Teach Us To Pray (Luke 11:1-4)Brian Morgan, 10/13/2013
Part of the The Gospel of Luke series, preached at a Sunday Morning service
Available Sermon Files:
1And it came to pass, that, as he was praying in a certain place, when he ceased, one of his disciples said unto him, Lord, teach us to pray, as John also taught his disciples. 2And he said unto them, When ye pray, say, Our Father which art in heaven, Hallowed be thy name. Thy kingdom come. Thy will be done, as in heaven, so in earth. 3Give us day by day our daily bread. 4And forgive us our sins; for we also forgive every one that is indebted to us. And lead us not into temptation; but deliver us from evil. (KJV)
Teach Us To Pray
Series: The Gospel of Luke
Catalog No. 1936
October 13, 2013
Last week we saw that hospitality was one of Luke’s major themes as Jesus embarked his final journey to Jerusalem. Having faced rejection in Samaria, Jesus was finally welcomed into a home in Bethany by a woman named Martha. But it was her younger sister, Mary, who upstaged her and became an icon of authentic hospitality. Forsaking countless distractions and less important things, Mary focused on the most important thing—listening to the words of her guest. As such Mary was elevated to the status of a disciple, a calling that supersedes all others. Today Luke moves from the theme of hospitality—listening to and receiving God’s words—to its counterpoint, prayer–speaking our words to God. So how do we carry on a conversation with the Holy?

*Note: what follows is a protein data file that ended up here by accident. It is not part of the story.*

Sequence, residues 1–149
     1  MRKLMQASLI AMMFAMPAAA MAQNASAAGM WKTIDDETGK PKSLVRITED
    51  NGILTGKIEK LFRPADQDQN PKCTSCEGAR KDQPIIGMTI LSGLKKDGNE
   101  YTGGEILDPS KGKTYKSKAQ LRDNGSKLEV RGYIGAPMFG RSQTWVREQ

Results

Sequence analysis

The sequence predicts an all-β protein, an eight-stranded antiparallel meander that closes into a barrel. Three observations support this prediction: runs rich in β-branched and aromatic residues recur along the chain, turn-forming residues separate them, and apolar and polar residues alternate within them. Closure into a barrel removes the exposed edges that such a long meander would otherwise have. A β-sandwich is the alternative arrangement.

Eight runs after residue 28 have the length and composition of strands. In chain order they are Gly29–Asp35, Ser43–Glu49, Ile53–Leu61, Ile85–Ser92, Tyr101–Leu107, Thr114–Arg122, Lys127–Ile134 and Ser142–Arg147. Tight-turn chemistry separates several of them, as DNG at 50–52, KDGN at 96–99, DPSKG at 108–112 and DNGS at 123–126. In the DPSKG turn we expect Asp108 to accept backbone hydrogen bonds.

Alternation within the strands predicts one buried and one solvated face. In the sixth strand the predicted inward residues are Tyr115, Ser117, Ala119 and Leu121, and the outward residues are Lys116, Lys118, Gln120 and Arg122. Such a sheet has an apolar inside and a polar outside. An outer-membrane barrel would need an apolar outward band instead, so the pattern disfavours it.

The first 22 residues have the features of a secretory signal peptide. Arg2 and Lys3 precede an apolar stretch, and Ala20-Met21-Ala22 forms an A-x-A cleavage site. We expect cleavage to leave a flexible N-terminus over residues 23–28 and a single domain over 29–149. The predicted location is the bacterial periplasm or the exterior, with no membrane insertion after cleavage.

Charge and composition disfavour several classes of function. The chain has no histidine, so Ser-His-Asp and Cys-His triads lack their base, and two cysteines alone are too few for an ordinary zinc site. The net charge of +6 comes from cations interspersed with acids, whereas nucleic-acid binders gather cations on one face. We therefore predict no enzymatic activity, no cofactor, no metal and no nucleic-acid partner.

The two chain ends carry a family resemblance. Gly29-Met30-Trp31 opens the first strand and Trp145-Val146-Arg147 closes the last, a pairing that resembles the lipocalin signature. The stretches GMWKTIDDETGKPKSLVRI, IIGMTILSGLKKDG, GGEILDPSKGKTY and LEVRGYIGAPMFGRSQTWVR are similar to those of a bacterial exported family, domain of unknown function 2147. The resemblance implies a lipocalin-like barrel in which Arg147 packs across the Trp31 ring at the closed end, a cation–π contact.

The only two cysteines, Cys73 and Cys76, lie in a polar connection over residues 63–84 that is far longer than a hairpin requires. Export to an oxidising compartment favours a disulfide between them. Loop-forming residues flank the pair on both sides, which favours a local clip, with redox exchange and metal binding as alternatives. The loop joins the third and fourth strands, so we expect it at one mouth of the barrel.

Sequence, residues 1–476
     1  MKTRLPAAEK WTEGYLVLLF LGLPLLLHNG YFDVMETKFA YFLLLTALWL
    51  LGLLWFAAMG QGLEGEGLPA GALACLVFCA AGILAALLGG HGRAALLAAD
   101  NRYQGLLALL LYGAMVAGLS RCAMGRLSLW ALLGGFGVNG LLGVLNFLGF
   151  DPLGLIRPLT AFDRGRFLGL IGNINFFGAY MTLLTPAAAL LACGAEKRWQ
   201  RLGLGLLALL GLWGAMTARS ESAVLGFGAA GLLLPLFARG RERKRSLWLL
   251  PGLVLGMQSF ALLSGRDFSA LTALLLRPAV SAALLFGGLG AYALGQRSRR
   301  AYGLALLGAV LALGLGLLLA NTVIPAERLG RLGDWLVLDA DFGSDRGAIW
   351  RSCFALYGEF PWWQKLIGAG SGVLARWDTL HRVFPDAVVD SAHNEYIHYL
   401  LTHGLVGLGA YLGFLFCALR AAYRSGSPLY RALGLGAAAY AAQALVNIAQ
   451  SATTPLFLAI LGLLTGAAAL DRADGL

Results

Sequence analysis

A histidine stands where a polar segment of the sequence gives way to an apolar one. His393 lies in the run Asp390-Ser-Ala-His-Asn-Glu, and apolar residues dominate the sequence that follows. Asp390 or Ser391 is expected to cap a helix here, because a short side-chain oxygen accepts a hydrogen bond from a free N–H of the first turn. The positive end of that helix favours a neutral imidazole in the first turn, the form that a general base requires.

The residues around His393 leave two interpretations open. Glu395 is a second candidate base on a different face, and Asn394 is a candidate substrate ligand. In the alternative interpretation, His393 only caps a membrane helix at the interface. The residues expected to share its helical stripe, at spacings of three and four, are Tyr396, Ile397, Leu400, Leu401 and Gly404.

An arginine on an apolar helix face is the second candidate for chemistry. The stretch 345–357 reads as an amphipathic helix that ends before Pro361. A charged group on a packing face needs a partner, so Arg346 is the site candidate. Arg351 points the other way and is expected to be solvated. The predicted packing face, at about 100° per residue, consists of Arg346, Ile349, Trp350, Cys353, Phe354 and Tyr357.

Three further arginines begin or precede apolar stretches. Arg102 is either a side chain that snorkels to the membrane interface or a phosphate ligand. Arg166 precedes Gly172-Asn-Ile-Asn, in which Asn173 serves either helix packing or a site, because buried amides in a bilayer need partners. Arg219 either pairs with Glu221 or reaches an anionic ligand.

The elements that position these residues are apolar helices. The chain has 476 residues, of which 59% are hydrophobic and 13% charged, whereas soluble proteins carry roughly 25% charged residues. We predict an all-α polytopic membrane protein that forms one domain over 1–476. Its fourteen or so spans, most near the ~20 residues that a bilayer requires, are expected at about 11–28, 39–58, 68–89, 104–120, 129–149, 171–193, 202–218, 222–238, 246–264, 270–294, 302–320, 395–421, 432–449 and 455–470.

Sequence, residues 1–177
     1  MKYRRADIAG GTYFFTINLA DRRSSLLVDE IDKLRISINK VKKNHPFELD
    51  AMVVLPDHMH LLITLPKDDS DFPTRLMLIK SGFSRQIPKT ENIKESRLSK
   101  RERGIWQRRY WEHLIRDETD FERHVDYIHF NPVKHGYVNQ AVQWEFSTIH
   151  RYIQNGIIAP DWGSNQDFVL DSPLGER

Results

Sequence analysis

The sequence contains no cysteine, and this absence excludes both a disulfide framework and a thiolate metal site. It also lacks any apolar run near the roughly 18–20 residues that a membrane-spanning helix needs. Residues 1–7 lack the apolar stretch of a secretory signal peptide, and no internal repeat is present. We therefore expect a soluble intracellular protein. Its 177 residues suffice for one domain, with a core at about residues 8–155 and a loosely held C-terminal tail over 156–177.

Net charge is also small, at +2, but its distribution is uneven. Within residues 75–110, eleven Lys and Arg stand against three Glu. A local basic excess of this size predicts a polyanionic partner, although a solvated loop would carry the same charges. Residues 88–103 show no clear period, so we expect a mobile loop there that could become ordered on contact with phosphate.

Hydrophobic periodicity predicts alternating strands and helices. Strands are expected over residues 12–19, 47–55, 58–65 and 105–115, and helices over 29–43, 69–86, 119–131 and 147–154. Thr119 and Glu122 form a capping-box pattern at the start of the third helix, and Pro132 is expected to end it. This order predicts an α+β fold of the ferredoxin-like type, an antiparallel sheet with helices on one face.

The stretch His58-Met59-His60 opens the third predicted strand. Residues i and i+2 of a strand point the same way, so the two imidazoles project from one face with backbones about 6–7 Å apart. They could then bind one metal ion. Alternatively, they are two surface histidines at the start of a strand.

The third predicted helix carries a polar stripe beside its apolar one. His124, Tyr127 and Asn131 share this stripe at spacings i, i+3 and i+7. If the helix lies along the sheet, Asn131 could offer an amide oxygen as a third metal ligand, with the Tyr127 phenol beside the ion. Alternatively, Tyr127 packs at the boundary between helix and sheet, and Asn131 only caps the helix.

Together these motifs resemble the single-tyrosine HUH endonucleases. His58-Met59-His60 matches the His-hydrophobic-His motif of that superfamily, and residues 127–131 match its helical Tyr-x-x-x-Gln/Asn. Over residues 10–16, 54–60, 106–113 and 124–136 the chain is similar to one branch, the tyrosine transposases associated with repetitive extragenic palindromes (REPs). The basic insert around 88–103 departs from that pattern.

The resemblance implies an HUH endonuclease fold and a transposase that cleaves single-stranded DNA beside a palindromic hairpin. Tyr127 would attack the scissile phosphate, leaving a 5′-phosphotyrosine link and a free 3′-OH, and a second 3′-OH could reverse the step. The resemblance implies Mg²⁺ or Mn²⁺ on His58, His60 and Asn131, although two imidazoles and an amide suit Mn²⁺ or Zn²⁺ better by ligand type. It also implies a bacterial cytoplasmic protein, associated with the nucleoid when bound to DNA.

My first experience of prayer occurred at the age of eleven. I was watching the 1954 movie classic, The High and Mighty, starring John Wayne. Wayne was cast in the role of a co-pilot, who was flying a crippled plane from Honolulu to San Francisco. In typical John Wayne fashion, though all the passengers and crew were paralyzed by fear, the Duke remained calm and steady. But as the plane made its final descent, with runway lights in the distance and the fuel gauge on “empty,” I noticed that his countenance changed. His voice dropped and in solemn tones he recited the first line of the famous childhood prayer, “Now I lay me down to sleep …” I thought to myself, if John Wayne prays, then I should pray! I went to bed that night and made up a simple framework for my prayers and recited them every night.